McGuire cited a number of new industrial projects under way, including two major methanol plants that are due to commence construction within the next 6 months. "We're also considering another ammonia project. We are geared to maintain our position as the No. 1 exporter (of ammonia), even as we go out the next 5-10 years," McGuire said.
Other segments of Trinidad and Tobago's gas utilization include power generation 13%, metal industries 6%, gas processing 2%, and refining 2%. A final 2% goes into a miscellaneous category classified as "other."
During 1995-2001, more than $6 billion was invested in the growth and diversification of Trinidad & Tobago's natural gas industry, the highest level of foreign direct investment, on a per capita basis, in the Americas, said McGuire. What has become known as the "Trinidad model" for development of a diversified gas market is being emulated from western Australia to Mozambique, he said.
NGC in 2001 reported total assets valued at more than $4 billion, including 624 km of installed natural gas pipeline infrastructure, with a capacity of 1.4 bscfd, currently transporting 1.1 bscfd; two platform facilities, located off the southeastern coast of Trinidad, for compression of low-pressure gas; industrial parks at La Brea and Point Lisas; and both port and marine facilities at Point Lisas and Brighton in central and southern Trinidad, respectively. It also is engaged in gas marketing and heads the government's program for promoting Trinidad & Tobago as a competitive location for gas-based investment.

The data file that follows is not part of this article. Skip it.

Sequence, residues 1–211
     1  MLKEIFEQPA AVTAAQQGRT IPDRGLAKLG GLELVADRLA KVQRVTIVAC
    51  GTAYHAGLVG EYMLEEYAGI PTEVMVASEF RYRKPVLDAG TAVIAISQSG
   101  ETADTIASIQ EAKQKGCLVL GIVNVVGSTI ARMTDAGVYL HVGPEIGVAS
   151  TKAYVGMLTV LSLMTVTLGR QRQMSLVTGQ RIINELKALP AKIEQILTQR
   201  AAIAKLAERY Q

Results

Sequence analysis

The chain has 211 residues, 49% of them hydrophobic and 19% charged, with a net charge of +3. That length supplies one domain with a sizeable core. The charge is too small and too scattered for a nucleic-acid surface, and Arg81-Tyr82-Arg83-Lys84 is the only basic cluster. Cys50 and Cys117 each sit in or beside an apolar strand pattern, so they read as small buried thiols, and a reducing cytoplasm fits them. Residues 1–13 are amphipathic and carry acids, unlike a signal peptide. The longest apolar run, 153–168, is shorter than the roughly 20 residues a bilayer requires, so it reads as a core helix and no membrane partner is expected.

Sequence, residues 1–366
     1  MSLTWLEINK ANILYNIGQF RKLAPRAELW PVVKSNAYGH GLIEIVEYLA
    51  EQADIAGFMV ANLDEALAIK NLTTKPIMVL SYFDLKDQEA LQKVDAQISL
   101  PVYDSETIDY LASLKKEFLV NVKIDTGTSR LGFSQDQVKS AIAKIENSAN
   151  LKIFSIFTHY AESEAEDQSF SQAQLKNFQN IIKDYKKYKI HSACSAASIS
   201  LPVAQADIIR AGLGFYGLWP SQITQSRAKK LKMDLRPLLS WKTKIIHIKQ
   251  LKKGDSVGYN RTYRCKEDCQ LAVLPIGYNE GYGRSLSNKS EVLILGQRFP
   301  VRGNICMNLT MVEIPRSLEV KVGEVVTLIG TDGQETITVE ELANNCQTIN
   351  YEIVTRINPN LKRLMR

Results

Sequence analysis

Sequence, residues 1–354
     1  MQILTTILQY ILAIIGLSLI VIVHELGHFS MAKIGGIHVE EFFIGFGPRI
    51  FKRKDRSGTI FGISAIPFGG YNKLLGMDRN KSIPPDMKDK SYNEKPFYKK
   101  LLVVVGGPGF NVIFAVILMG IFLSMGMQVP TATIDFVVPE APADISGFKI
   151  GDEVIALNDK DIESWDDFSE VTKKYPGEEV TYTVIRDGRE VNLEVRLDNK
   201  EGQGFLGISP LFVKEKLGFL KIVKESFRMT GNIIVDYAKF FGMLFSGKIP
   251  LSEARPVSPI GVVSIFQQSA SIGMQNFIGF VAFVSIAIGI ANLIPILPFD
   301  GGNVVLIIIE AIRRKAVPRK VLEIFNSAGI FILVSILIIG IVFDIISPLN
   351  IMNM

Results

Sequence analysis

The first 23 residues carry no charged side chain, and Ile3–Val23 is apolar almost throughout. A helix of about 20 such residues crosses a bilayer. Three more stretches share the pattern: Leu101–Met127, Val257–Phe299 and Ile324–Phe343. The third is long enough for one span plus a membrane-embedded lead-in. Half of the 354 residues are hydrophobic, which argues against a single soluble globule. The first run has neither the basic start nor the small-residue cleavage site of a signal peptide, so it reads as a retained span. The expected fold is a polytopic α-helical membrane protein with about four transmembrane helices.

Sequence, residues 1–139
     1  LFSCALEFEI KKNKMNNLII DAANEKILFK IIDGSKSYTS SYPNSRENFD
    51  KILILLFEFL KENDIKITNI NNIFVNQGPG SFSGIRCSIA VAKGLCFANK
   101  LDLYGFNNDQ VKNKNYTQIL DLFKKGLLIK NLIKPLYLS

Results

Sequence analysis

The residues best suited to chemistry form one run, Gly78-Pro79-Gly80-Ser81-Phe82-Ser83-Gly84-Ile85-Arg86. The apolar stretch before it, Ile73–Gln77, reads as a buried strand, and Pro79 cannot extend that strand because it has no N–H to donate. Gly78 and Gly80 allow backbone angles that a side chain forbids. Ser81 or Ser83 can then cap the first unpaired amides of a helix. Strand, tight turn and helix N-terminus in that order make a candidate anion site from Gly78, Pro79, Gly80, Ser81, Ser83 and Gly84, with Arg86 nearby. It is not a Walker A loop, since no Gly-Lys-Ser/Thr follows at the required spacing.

"I'm a gas man in the new age," McGuire said. "There is no other entity in the world that does what NGC does, although some institutions may do some of it."